601 CE and Earlier
Submitted by JaneStockton on Sat, 2005-02-19 09:48
A stone carving, found 20 years ago in a back garden, has been identified as a 2000 year old Celtic carving from the Iron Age.
Submitted by Anonymous on Fri, 2005-02-18 17:31
Chris Welsch, a reporter for the Minneapolis-St. Paul Star Tribune, walks the streets of the city of Pompeii, a city frozen in time by a volcanic erruption.
Submitted by Justin on Wed, 2005-02-16 07:59
The producers of Food Network's "Secret Life Of..." series were so impressed last year with the folks at Gode Cookery, a noted medievalist cooking web site, that they are featuring Gode Cookery in another episode, this time on Roman wine cakes.
Submitted by Milica on Mon, 2005-02-14 16:31
Natalie Bennett reviews Looking at Lovemaking: Constructions of Sexuality in Roman Art, 100 B.C. - A.D. 250, a new book by John R. Clarke that looks at sexuality and gender issues in Roman society.
Submitted by Milica on Sun, 2005-02-13 11:22
The conical, Iron Age fort, Kimsbury Camp, located in Gloucestershire, England, is set to receive a UK£85,000 facelift to repair damage from erosion.
Submitted by Milica on Fri, 2005-02-11 12:02
Archaeologists digging for five weeks through an archaeological site in Huntingdon, England have unearthed some spectacular finds dating from the Bronze Age through the 14th century.
Submitted by Milica on Thu, 2005-02-10 16:06
Controversial plans by the National Trust and English Heritage to route traffic away from Stonehenge have hit a snag. The British government has been strangely silent on the subject, leading officials to believe that the plans may have been abandoned.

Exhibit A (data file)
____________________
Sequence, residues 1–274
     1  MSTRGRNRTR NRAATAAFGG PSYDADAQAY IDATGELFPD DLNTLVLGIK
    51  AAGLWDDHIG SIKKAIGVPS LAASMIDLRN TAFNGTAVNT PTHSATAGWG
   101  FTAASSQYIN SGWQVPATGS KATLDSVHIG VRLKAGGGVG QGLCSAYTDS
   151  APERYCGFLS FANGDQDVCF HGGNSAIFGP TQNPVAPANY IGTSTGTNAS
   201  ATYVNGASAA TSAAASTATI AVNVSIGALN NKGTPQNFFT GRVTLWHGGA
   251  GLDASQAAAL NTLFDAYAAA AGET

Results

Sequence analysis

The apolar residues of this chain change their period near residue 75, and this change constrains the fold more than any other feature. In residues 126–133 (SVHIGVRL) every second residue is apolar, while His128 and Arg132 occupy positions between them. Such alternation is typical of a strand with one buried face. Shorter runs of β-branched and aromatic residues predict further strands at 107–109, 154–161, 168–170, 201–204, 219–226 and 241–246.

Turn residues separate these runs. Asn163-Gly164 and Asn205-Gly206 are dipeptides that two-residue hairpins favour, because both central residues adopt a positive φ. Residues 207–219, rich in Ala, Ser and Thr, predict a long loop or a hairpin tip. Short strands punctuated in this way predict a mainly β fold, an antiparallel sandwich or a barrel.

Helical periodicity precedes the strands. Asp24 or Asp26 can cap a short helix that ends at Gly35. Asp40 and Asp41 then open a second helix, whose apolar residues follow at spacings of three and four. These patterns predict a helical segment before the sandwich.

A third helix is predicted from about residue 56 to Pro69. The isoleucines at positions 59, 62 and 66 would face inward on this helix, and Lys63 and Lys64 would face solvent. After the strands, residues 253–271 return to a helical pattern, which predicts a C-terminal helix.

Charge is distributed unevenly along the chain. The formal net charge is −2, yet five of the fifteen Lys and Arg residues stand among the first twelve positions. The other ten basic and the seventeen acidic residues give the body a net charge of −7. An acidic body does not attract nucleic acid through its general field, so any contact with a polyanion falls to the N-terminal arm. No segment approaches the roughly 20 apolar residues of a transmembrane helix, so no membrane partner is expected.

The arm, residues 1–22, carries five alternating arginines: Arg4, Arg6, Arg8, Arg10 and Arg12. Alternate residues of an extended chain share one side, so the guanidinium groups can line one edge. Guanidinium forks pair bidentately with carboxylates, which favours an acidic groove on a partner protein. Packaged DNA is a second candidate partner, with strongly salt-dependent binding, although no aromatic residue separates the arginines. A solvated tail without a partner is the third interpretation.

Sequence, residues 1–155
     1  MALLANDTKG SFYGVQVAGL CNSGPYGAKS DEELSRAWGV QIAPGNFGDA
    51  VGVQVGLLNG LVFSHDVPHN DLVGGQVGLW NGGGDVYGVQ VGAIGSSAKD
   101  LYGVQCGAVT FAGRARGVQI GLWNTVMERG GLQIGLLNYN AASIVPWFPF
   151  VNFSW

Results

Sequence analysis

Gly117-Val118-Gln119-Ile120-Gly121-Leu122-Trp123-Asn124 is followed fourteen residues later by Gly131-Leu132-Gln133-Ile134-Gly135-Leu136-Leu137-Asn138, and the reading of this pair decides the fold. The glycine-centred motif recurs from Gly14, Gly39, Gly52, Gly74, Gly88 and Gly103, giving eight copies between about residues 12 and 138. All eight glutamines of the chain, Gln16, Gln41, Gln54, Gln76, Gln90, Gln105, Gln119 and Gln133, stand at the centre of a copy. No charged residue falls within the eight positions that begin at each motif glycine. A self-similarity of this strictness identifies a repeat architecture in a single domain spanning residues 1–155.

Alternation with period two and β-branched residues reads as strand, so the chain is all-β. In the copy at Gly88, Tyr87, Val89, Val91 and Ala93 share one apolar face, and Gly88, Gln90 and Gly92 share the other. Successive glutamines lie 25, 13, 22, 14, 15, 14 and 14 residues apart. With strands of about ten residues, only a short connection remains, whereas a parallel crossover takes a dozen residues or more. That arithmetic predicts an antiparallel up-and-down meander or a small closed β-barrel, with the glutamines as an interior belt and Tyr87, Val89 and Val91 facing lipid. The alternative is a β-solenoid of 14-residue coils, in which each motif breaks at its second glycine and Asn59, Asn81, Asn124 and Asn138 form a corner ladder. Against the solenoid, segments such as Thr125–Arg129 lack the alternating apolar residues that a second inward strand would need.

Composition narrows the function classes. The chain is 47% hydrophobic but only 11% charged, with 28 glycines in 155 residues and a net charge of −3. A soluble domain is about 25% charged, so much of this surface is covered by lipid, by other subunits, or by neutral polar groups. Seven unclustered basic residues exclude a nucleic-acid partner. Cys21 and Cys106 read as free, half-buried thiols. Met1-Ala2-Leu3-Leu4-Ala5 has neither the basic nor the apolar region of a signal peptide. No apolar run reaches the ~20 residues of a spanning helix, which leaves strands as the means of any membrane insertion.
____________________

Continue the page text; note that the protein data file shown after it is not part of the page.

Submitted by Milica on Thu, 2005-02-10 12:40
Researchers at the University of Fribourg believe that a rich cache of letters, written in Greek, prove that residents of 5th century Gaza lived a vibrantly intellectual life.
Submitted by Milica on Wed, 2005-02-09 09:40
Researchers working on the Roman city of Pompeii are using ancient methods to re-create the Roman imperial cloth used for togas.
Submitted by Milica on Tue, 2005-02-01 14:25
Humans are not the only visitors to the ancient Roman city of Herculaneum. Pigeons have found a goldmine in the tourist hotspot, leaving behind a mess and forcing officials to try a new approach in pest control: hawks.
Submitted by Milica on Sat, 2005-01-22 15:10
A new book and television series claim that 20% of Scots have blood ties to Iraq stemming from a migration in 4000 BCE.
Submitted by Anonymous on Sat, 2005-01-22 12:05
When Roman Emperor Nero was deposed, his contemporaries went to great lengths to obliterate his legacy, burying his Domus Aurea (Golden House) with debris. Officials in Rome have revealed a mosaic the size of a large door that suggests that Nero's palace ruins may be remarkably well-preserved under the hill that covers them.
Submitted by Milica on Wed, 2005-01-19 16:40
The remains of a Roman chariot track have been discovered under an army barracks in Colchester, England.
Submitted by Milica on Thu, 2005-01-06 15:53
The Scottish Urban Archaeological Trust has evidence that noisy toys may date back to the Bronze Age.